Lifepath project celebrates its Fourth Annual Meeting at Porto
The European research project Lifepath will open the fourth year of its activities with an international meeting in Porto, on May 17th and 18th. More than 50 researchers in social and biological sciences, campaign partners, and other key stakeholders, will discuss about the Lifepath’s results on social and health inequalities. The delegates will also evaluate current results and exchange future projects for the last year of the project. The annual meeting will take place in the Rectory of the University of Porto.
Lifepath is an EU-funded project aimed to provide updated, relevant and innovative evidence for the relationship between social inequalities and healthy ageing to lay ground for the development of future health policies and strategies. Lifepath experts developed an original study design that integrates social science approaches with biology and big data analysis, using existing population cohorts and omics measurements.
The Instituto de Saude Publica da Universidade do Porto (ISPUP) – which hosts the event – Is one of the 15 international partners that collaborate to the project, together with institutions such as the Imperial Collegue in London, the Trinity Collegue in Dublin and the university of Turin.
Some of the topics that will be covered at this year Annual Meeting are:
- Health, social inequalities and the financial crisis in Portugal;
- The impact of the recession and schooling policies on health;
- The First 2,000 Days & Children’s Skills: a Randomized Experiment of Home Visiting doctors.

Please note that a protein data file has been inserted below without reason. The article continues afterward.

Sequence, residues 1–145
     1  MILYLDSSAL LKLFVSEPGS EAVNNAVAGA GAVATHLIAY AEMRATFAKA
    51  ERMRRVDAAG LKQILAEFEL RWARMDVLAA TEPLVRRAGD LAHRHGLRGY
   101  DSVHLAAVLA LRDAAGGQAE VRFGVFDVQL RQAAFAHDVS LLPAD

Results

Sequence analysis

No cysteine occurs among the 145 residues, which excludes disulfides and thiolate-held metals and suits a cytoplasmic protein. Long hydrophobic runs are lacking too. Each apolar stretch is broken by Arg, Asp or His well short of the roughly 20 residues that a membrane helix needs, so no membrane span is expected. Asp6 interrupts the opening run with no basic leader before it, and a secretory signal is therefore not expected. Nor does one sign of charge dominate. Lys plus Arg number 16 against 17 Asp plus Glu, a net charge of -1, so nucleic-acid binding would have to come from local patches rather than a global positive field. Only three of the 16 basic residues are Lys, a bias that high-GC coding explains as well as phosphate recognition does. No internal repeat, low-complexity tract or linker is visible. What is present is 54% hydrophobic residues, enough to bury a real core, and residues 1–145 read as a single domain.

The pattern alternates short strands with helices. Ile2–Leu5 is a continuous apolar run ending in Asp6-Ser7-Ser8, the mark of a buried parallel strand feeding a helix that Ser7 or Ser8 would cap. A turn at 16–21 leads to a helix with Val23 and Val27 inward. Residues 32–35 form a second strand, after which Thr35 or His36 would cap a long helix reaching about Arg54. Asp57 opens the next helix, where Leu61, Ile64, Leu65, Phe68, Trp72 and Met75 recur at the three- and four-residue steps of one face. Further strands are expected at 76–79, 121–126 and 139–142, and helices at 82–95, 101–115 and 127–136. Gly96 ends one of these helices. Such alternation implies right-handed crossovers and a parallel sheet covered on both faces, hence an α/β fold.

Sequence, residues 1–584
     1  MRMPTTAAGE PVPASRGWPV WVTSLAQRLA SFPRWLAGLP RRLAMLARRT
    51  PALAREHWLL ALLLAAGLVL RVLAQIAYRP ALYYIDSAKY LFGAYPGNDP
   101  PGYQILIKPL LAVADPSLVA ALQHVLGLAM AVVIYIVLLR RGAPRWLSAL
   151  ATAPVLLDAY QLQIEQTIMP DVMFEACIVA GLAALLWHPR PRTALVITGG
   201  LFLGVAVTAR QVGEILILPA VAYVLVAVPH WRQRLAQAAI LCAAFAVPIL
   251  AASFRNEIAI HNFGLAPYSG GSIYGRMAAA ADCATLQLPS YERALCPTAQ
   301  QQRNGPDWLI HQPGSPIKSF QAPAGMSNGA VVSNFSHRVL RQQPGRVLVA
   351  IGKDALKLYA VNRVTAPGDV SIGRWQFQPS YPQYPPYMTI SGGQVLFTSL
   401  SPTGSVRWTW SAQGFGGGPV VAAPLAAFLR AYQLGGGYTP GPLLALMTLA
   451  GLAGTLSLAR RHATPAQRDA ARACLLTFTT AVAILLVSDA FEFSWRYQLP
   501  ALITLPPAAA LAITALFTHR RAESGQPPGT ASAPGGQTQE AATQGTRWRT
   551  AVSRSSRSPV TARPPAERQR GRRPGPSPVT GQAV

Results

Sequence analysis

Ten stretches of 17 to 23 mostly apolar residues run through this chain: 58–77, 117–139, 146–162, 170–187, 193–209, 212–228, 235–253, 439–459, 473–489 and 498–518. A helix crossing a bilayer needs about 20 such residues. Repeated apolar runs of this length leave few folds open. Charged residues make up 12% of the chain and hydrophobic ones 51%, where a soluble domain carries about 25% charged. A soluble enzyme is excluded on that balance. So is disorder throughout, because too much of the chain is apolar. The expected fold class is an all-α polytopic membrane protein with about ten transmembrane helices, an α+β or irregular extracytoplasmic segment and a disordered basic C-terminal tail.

“It is a pleasure to celebrate the fourth Lifepath Annual Meeting in Porto,” says Paolo Vineis, professor at Imperial College London and coordinator of the project. “The main aim of our consortium is to understand the biological pathways through which social inequalities lead to health inequalities in order to provide evidence for public health institutions and policymakers. The ISPUP is an excellent partner for the project. They are doing an incredible job in the consortium, showing to the rest of the partners the efficiency and critical science thinking of its researchers in Portugal”
Lifepath scientists published several articles per year with high relevant repercussion worldwide
Lifepath researchers demonstrated last year that having poor socioeconomic conditions – such as a lower occupational position – can take away 2.1 years of life on average from a person. Low socioeconomic conditions are almost as deadly as smoking, having diabetes, or being physically inactive. Smoking is associated with the loss of 4.8 years of life; diabetes, 3.9; and physical inactivity, 2.4. High alcohol intake can take away one year of life.
The same group of researchers have also shown that men aged 60 with lower economic status loose 6.6 years of good physical function, measured by walking speed.
In March 2018, another group of Lifepath members published a study on the health impact of Opportunity NYC–Family Rewards, a conditional cash transfer programme in New York City aimed at improving population health by making cash transfers conditional on engaging in a number of activities, including school attendance, preventive health care use and employment participation for parents.